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“It might be possible,” thought Eleazar. “It might just be possible.”
He arose from his chair, shuffled to the fireplace and poked at the glowing logs until they once more crackled into flame.
He picked up the cloth lying on a nearby table, folded it several times and used it to grasp the handle of the pitcher of hot spiced wine sitting on the hearth. “The only drink on a cold night like this,” he smiled to himself as he poured the fragrant mixture into a large goblet.
He moved back to his chair, sat down, took a sip of the wine and felt it warm his insides. He stared into the flames once again, and slowly began to nod his head. The inn was completely quiet; all the lodgers had long since gone to bed. He was alone with his thoughts, and they were quietly exciting.
“Yes,” he said to the empty room, “it might just be possible.”
To be an important man. To be remembered – long after he was gone.
The way most people achieve some measure of immortality, he reflected, was through their children, and he would have been happy with that. A tall son or a handsome daughter who – years after Eleazar had died and gone to the bosom of Abraham – would be pointed out and identified as “the child of Eleazar the innkeeper.
But it was not to be. He and Sara had prayed and hoped for a child, but they were never blessed with one. And when Sara had died two years ago, he thought his last chance to be remembered had died with her.
He smiled thinking of Sara, who had always been amused by his pretensions. “If you really want to be remembered,” she would say, “do someone a kindness. Kindnesses are remembered long after the doer is gone.”
She had been a sweet soul, he thought. And a mistaken one.
Eleazar had since figured out what it took to be seen as important in this world – and to be remembered after you’d left it.
Land. Land and buildings.
Like Zaccheus, who had owned the only grain storehouses in Bethlehem. Zaccheus had been dead for almost five years now, but those storehouses still stood – and people remembered him every time they passed them. That was the way to gain remembrance. And it might be possible for him, Eleazar!
When the decree went out from Caesar Augustus that every man should be enrolled for tax purposes in the city of his lineage, Eleazar hadn’t realized the impact it would have on his own fortunes. But Bethlehem was the city of David, and the descendants of the house and lineage of David had poured into the city – and into his inn. He had doubled his prices, then tripled them, and still the inn stayed full.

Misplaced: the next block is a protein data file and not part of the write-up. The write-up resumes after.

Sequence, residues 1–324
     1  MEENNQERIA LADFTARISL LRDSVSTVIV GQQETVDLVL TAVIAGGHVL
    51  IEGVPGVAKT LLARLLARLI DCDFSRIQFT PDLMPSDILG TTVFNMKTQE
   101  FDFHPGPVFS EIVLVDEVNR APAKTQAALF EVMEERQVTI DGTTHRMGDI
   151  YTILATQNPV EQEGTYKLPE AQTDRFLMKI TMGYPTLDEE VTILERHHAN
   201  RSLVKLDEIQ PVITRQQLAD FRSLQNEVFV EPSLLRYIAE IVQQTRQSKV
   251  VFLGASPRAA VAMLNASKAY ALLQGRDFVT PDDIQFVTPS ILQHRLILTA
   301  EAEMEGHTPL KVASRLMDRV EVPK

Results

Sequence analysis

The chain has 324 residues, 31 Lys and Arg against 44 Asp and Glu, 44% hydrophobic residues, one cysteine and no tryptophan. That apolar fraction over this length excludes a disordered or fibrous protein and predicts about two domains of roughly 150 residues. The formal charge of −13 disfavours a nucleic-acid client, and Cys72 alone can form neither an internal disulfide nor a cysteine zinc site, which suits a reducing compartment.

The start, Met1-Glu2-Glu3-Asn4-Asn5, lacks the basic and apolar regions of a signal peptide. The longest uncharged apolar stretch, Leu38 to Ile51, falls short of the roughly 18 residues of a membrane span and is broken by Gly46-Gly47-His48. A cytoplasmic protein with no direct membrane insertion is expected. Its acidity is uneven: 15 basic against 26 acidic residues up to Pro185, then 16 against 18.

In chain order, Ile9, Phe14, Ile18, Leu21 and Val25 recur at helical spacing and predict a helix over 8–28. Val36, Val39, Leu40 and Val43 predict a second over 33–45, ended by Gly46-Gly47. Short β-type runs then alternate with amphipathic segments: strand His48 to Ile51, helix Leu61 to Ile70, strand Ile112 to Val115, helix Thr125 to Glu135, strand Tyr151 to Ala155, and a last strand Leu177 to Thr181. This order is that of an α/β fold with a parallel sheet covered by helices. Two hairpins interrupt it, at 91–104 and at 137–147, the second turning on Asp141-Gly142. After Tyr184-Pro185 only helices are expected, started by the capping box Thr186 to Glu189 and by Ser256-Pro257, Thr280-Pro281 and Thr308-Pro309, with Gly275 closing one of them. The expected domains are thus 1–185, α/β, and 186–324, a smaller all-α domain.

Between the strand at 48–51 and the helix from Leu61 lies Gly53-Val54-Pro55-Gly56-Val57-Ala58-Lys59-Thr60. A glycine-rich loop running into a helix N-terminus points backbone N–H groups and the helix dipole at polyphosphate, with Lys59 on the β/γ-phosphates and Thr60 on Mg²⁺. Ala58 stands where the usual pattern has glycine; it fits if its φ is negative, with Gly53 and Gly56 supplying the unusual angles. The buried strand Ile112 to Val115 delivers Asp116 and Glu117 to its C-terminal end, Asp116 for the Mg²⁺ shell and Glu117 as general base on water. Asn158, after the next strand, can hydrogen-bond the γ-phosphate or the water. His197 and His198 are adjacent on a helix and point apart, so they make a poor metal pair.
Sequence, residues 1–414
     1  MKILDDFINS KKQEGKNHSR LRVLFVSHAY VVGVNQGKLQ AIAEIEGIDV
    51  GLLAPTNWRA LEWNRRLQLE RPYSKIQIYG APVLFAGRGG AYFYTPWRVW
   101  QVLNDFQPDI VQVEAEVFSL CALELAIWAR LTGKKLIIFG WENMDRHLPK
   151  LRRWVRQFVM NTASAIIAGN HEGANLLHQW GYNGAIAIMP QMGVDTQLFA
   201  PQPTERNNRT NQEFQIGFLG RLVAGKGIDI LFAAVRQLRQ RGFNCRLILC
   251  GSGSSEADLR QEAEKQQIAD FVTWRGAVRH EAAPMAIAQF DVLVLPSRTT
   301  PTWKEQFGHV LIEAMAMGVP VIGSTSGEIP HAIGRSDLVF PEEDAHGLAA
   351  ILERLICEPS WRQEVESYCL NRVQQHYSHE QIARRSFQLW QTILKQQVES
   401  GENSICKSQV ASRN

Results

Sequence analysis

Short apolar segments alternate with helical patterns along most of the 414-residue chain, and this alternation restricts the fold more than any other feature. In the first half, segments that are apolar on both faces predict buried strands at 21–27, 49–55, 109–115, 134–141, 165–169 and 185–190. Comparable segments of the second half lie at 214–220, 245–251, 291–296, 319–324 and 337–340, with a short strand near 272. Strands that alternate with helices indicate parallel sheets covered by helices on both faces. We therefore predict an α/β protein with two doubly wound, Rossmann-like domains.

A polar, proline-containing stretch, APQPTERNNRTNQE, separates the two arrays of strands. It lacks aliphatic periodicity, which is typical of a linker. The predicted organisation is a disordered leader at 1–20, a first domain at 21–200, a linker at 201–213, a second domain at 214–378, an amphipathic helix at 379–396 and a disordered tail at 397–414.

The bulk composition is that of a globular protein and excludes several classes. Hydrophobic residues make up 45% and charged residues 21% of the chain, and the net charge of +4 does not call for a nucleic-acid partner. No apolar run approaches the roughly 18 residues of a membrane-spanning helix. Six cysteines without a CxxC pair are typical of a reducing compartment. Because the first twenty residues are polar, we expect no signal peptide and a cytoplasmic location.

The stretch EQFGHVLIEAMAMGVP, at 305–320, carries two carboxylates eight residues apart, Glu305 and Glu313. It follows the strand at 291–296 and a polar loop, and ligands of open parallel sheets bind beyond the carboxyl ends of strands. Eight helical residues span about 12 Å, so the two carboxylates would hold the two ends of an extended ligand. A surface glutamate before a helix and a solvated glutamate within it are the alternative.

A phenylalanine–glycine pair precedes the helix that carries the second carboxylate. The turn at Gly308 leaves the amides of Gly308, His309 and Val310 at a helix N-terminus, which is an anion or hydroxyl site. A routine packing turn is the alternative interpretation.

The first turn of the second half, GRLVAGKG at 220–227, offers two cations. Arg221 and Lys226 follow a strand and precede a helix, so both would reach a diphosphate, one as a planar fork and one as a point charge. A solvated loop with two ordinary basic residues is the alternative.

Now he had more money than he’d ever had in his life, and he had a plan. He owned the large piece of property behind the inn, and there was nothing on it but an old stable. He would tear down the stable and erect a new, larger inn. The finest inn Bethlehem had ever seen. A building would stand for 50, maybe 100 years. Eleazar’s building.
There was a knock at the door of the inn.
Eleazar set down his wine, rose, walked to the door and opened it. A bearded man, his face and clothing powdery with dust, stood in the doorway. Eleazar could see, just behind the man, a woman wrapped in a long cloak, her shoulder hunched against the cold, sitting on a donkey.
“Good evening,” said the man, in a tired voice. “I am Joseph, carpenter of Nazareth. My wife, Mary, and I have traveled all the way from Galilee, and …”
“I’m sorry,” said Eleazar. “There’s no room at the inn. Nothing at all.” He started to close the door.
“Please!” said the man. “My wife is with child. The baby could be born at any moment! We’d take any sort of shelter.”
Eleazar hesitated, then gazed past the man, at the woman. She looked a great deal like Sara.
And suddenly it was as if he heard Sara’s voice. “Do a kindness …” He stepped through the doorway and gestured toward the corner of the inn.
“There’s a stable behind the building. You can use that if you’d like. I don’t have any extra blankets, but there’s straw, and perhaps you can use your cloaks, or …” The man began to fumble at his belt for a leather purse. Eleazar shook his head. “There’s no charge,” he said. He looked at the woman and grinned. “I don’t charge for stables.”
The man thanked him profusely, picked up the reins of the donkey and began to lead it away. And as they disappeared around the corner of the inn, the woman gazed at Eleazar, inclined her head slightly, and smiled. It was remarkable how much she looked like Sara.
Eleazar continued to stand there for a few moments, marveling at the brightness of the night. He tilted his head back.
There it was – the star. That strange, eerily bright star that had been lighting up the heavens for a remarkable time now. And, at the moment, it seemed to be poised almost directly above the inn.
Eleazar shivered, stepped back inside and closed the door. He was glad to see the fire hadn’t gone out. He returned to his chair, picked up the wind goblet and stared into the flames once more.
Let’s see, he thought, where was I? Oh, yes – The Plan. Clearly, then, the first thing to do was tear down the stable.
No one was ever going to remember a man for owning a stable.
This column first appeared in the Fremont (Calif.) Argus, Dec. 22, 1978.